Encyclopedia of Lakes and Reservoirs

2012 Edition
| Editors: Lars Bengtsson, Reginald W. Herschy, Rhodes W. Fairbridge

English Lakes

  • Reginald W. Herschy
Reference work entry
DOI: https://doi.org/10.1007/978-1-4020-4410-6_76

Introduction

The Lake District of England is not only famous for being one of England’s prime tourist resorts but also its lakes being the subject of significant scientific study over the past 100 years. A considerable input to this scientific study has been undertaken since 1931 by the Freshwater Biological Association (FBA) and the Institute of Freshwater Ecology (IFE).

There are some 88 lakes and tarns (small lakes) in the group of lakes in the district of north east England.

It is interesting to note that only one of these lakes is known as a “lake” the one being Bassenthwaite Lake, all the others being tarns as in Blelham Tarn, or “mere” as in Windermere or with”water” in the name as in Ullswater.

Geology

The geology of the Lake District is complex with Skiddaw Slsate and Borrowdale Volcanic rocks formed some 500 million years ago. A system of radiating U shaped valleys formed by glaciation some 15,000 years ago subsequently filled with the lakes we see today. On three sides there...

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Bibliography

  1. Fryer, G., 1991. A Natural History of Lakes, Tarns and Streams in the English Lake District. Ambleside: Freshwater Biological Association.Google Scholar
  2. George, D. G., 1992. General Assessment of Long-Term Changes on the Larger Lakes of The English Lake District. Ambleside: Freshwater Biological Association.Google Scholar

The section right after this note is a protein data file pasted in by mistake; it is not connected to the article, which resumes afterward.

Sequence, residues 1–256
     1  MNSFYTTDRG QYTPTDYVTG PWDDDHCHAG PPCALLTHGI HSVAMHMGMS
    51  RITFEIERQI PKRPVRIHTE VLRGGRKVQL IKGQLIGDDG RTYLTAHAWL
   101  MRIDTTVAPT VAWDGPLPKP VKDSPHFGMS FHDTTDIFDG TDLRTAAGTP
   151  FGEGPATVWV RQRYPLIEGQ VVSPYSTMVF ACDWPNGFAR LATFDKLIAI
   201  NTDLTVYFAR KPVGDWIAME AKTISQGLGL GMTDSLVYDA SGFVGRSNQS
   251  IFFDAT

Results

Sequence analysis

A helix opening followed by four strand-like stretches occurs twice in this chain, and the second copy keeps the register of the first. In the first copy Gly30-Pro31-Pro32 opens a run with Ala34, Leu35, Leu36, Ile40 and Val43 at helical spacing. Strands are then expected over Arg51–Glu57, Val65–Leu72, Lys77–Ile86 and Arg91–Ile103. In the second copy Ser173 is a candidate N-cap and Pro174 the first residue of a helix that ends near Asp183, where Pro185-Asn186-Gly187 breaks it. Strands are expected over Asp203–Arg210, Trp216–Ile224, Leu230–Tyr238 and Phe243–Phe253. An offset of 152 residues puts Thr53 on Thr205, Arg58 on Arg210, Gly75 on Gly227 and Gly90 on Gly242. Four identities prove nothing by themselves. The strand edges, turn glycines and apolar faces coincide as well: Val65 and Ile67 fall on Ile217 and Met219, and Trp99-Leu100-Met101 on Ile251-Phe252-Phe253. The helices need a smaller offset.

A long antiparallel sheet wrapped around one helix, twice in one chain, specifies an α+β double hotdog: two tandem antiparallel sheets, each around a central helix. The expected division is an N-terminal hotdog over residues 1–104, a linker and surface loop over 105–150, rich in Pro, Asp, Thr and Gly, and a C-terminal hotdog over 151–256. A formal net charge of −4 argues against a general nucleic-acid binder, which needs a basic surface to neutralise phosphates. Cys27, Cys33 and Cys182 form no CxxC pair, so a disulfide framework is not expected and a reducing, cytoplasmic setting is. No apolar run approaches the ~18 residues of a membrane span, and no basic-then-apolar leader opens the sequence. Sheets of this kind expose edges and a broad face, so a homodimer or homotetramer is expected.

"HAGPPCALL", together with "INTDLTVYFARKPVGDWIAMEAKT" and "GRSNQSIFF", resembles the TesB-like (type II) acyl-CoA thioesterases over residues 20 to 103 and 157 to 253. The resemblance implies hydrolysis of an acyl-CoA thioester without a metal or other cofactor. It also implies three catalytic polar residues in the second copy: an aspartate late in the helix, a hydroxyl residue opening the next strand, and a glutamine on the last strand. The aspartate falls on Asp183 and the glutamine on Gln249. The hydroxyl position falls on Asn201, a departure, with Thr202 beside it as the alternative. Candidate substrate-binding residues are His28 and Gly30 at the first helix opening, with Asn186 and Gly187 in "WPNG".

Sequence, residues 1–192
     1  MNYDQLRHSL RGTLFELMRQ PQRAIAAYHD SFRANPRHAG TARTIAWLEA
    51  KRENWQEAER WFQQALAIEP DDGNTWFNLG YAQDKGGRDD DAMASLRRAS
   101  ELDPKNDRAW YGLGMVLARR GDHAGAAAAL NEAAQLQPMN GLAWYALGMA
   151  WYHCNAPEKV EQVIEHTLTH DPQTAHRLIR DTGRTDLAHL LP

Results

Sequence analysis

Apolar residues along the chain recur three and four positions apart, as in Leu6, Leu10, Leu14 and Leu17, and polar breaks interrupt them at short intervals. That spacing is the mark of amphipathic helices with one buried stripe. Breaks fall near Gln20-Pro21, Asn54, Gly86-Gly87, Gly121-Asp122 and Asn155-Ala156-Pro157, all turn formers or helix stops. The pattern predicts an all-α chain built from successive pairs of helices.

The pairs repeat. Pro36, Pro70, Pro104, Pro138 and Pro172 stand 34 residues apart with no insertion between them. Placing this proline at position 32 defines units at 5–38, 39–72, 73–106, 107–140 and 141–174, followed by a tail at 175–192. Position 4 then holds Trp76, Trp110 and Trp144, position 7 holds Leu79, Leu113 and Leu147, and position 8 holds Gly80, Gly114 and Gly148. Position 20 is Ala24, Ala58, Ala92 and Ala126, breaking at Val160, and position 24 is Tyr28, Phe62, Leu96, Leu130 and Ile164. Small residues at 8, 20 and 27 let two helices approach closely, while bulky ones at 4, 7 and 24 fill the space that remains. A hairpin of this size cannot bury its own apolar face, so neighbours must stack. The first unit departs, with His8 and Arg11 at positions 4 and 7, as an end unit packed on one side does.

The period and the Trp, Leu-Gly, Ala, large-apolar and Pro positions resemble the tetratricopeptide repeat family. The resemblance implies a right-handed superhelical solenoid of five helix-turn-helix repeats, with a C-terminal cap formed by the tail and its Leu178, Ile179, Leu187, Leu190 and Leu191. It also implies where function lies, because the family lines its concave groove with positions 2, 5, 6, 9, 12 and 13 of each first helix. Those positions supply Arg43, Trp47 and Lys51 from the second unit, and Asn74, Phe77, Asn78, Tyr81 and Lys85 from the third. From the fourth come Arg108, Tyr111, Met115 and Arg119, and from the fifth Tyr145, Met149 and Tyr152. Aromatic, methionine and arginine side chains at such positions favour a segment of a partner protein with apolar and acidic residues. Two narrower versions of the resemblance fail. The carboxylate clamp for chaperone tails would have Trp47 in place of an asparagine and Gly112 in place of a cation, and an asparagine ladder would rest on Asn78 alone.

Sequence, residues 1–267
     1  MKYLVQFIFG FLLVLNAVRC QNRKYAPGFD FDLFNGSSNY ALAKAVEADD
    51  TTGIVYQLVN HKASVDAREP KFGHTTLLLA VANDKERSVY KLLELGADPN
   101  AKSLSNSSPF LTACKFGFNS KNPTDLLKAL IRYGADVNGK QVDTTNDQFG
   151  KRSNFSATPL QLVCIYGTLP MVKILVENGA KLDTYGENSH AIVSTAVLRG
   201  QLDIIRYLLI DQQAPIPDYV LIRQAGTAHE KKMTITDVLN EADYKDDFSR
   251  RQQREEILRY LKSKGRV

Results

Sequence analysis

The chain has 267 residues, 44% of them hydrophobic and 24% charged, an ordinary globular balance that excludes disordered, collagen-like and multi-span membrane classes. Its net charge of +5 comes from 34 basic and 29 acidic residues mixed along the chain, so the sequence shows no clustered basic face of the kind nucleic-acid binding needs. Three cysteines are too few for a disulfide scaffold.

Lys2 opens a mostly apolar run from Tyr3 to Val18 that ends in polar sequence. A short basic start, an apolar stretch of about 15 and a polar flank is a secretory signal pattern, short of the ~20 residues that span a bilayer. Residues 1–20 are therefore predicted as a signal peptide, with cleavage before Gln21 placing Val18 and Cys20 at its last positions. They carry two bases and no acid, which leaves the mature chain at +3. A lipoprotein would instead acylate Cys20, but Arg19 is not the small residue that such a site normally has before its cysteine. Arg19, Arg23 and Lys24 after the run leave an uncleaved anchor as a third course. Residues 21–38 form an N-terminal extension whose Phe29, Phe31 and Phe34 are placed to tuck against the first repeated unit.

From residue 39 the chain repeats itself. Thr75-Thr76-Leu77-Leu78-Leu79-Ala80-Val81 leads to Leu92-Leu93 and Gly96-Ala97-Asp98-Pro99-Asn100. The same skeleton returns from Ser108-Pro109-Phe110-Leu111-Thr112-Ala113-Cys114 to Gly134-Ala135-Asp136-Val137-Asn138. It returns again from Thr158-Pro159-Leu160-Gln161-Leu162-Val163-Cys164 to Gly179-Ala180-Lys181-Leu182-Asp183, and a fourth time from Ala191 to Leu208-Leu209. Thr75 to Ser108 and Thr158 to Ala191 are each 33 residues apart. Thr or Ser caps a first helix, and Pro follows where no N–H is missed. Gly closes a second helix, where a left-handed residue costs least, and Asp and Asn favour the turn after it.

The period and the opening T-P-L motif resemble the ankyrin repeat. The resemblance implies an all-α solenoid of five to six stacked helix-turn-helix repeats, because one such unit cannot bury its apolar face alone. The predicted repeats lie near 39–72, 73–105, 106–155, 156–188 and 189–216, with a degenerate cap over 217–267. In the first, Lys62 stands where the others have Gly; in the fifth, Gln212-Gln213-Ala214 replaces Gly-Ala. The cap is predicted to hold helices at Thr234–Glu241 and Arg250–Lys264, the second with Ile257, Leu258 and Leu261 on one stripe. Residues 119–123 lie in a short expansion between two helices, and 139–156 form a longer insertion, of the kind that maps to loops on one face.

3. George, D. G., and Charlton, F. L., 1996. Using the Compact Airborne Spectrographic Image Monitoring of the Water Quality in the Lakes of the English Lake District. Ambleside: Environment Agency.Google Scholar
  4. George, D. G., and Hurley, M. A., 2004. Influence of Sampling Frequency on the Detection of Long-Term Change in Three Lakes in the English Lake District. Ambleside: Freshwater Biological Association.Google Scholar
  5. George, D. G., Talling, J. F., and Rigg, E., 2001. Factors Influencing the Temporal Coherence of Five Lakes in the English Lake District. Ambleside: Freshwater Biological Association.Google Scholar
  6. George, D. G., Maberly, S. C., and Hewitt, D. P., 2004. The Influence of the North Atlantic Oscillation on the Physical Characteristics of Four Lakes in the English Lake District. Ambleside: Freshwater Biological Association.Google Scholar
  7. Kadiri, M. O., and Reynolds, R. S., 1993. Long-term monitoring of the condition of lakes: the example of the English Lake District. Archiv für Hydrobiologie, 129, 157–178.Google Scholar
  8. Maberly, S. (ed.), 2006. Lakes of the English Lake District, Government Environment Agency, London.Google Scholar
  9. Porter, J., Morris, S. A., and Pickup, R. W., 2004. Effect of Trophic Status on the Culturability and Activity of Bacteria from a Range of Lakes in the English Lake District. Ambleside: Freshwater Biological Association.Google Scholar
  10. Spezzano, P., Hilton, G., Lishman, S. P., and Carrick, T. R., 1993. The variability of Chernobyl retention in the water column of lakes, two years and four years after deposition in the English Lake District. Journal of Environmental Radioactivity, 19, 219–232.CrossRefGoogle Scholar
  11. Talling, J. F. (ed.), Atkinson, K. M., Elliott, J. M., George, D. G., Hall, G. H., Hawworth, E. Y., Heaney, S. I., Jones J. G., Maberly, S. C., Mills, C. A., and Reynolds, C. S. 1999. Some English Lakes as Diverse and Active Ecosystems: A Factual Summary and Source Book. Ambleside: Freshwater Biological Association.Google Scholar

Copyright information

© Springer Science+Business Media B.V. 2012

Authors and Affiliations

  1. 1.Hydrology ConsultantReadingUK